Clan Wallace People
William Wallace (1274-1305)
After years of in-fighting and no clear family having rights to the Crown of Scotland, Edward I of England had been “invited” to govern the country. His nobles and soldiers used the people of Scotland as their playthings, as typified in laws such as “Prima Nocta”, where it was the right of the English governor of each area to have sexual intercourse with a local bride on her wedding night. Under such tyranny, a young Scotsman, William Wallace, found his life in danger after a brawl in Lanark’s market place with some English soldiers in 1297.
Although he had escaped, the Sheriff of Lanark murdered a girl who had helped. The girl was believed to have perhaps been his wife, a bond kept secret because of Prima Nocta. Wallace took his revenge that night and slew the Sheriff. The sparks the new outlaw had made ignited the passions of the country. When he joined forces with Andrew de Moray (or Murray), another rebel, they had a following that would soon give the King of England a fright.
Edward I’s cocksure Viceroy, the Earl of Surrey, led an English army to Stirling to root out the trouble makers who had been attacking English installations. Instead he lost half his army at Stirling Bridge. Andrew de Moray was fatally wounded and Wallace lost his greatest lieutenant.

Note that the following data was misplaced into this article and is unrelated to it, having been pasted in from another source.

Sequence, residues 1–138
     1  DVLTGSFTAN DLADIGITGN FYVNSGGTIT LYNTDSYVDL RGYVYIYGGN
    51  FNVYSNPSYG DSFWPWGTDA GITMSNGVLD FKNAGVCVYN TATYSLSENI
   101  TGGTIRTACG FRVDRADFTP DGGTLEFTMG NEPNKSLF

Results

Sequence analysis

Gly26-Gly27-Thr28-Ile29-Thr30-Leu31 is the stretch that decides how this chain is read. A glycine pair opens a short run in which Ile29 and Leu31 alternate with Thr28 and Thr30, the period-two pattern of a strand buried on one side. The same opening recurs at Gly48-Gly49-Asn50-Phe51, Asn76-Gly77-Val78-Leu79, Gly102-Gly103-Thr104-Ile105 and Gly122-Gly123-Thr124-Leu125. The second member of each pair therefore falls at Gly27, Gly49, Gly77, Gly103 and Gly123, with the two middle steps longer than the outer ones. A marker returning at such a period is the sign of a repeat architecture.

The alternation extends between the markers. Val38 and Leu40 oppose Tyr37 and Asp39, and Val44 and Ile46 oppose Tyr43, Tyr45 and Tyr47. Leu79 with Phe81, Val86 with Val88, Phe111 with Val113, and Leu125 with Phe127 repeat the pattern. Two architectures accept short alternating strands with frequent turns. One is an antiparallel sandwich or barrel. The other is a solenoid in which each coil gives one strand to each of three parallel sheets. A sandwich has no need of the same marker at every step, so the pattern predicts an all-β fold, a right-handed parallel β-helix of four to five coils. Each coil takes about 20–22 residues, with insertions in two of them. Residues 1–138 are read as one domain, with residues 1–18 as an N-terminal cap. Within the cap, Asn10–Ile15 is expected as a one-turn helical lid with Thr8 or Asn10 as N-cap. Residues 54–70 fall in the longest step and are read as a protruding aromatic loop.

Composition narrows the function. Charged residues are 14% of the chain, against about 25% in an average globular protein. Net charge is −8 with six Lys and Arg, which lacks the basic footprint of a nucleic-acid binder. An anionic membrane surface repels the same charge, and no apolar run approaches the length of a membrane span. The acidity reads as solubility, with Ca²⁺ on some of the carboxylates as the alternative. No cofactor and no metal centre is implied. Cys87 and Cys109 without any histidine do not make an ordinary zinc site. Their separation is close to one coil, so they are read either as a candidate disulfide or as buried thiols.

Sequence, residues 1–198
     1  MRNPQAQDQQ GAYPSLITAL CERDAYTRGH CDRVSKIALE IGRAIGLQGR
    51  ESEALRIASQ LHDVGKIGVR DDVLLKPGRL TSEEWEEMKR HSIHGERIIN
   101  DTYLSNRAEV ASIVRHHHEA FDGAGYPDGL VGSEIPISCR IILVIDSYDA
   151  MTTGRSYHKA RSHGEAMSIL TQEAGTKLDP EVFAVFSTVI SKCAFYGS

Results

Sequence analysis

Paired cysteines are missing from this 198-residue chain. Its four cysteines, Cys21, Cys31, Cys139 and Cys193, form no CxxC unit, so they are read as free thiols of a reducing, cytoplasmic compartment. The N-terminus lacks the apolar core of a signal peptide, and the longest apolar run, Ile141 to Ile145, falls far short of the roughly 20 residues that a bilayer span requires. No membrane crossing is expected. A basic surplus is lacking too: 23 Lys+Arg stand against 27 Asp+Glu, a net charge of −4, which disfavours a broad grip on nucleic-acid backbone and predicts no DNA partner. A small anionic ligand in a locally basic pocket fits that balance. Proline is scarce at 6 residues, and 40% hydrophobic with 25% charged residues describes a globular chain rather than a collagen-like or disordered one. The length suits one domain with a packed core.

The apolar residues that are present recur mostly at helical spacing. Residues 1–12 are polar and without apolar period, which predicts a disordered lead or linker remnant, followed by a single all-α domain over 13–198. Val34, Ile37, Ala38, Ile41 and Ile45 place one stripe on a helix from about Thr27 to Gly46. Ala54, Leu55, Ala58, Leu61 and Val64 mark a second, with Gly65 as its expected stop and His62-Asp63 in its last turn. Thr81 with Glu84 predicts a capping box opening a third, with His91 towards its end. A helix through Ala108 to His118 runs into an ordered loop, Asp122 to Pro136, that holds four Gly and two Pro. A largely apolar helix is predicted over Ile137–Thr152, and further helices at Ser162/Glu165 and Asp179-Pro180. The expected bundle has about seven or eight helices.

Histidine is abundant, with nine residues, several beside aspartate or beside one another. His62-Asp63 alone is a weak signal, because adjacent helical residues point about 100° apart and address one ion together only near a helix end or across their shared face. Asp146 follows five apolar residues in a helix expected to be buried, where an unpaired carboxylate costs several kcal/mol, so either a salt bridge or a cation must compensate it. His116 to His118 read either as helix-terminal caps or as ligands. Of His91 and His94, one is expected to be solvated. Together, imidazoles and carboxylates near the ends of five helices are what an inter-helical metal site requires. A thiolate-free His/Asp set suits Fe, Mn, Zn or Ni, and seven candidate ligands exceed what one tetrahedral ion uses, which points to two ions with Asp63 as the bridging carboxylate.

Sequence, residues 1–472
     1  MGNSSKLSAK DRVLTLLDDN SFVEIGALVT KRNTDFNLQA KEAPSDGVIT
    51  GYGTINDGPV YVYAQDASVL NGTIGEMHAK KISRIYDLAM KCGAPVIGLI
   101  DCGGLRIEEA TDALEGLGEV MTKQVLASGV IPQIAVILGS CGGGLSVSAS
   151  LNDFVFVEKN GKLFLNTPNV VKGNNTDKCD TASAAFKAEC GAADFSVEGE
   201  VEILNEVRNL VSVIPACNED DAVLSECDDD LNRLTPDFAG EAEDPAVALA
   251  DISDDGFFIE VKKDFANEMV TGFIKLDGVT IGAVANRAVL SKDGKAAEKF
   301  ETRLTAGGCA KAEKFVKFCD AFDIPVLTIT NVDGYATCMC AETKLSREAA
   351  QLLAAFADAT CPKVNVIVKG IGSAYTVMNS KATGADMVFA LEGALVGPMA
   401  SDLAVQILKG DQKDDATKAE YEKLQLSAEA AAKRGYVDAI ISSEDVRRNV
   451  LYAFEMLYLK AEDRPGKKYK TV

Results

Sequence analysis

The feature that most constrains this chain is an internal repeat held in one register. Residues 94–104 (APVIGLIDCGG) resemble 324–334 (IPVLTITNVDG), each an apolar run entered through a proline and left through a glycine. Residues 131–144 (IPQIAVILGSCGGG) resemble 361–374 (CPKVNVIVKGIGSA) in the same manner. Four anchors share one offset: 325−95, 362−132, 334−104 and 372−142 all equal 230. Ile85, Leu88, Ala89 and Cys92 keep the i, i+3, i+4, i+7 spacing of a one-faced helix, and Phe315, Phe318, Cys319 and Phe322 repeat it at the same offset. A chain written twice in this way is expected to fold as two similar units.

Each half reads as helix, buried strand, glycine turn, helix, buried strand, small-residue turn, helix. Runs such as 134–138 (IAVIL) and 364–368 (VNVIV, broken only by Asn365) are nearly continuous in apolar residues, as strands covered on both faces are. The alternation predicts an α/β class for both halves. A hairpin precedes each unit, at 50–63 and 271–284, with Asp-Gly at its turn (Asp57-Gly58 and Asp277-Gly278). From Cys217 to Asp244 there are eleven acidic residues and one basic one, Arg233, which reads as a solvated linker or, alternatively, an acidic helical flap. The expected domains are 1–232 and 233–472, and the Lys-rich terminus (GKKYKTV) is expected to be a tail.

The noblemen of Scotland were still unwilling to back Wallace, preferring to talk than act. They saw supporting England as a safe financial plan for themselves which Wallace was threatening to upset. The suffering of the people was not a consideration. Meanwhile Wallace and his growing force from all across Scotland had retaken Berwick and raided Northumberland.
In 1298 at the Battle of Falkirk, Wallace made two mistakes.
Firstly he met the English on their terms, fighting their superior forces in a pitched battle when it had been his guerrilla fighting which had taken him so far. Secondly, he took the word of the Scottish nobles as being worth something. He escaped the slaughter and fled to the Continent to raise support.
Without success, he returned and in 1305 was betrayed by the nobles again. After an appearance at Westminster Hall for a swift trial for treason against a king he never acknowledged, he was hung, disembowelled and then beheaded. His head was stuck on a post at London Bridge and his limbs sent for display to Stirling, Perth, Berwick and Newcastle.
William Wallace (c.1700)
A distinguished lawyer in the 18th century, he rose to the rank of Lord Justice Clerk, the second highest judge in Scotland.
Robert Wallace (b. circa 1890)
A brilliant soldier, he received the French and Belgian Croix De Guerre during the First World War.
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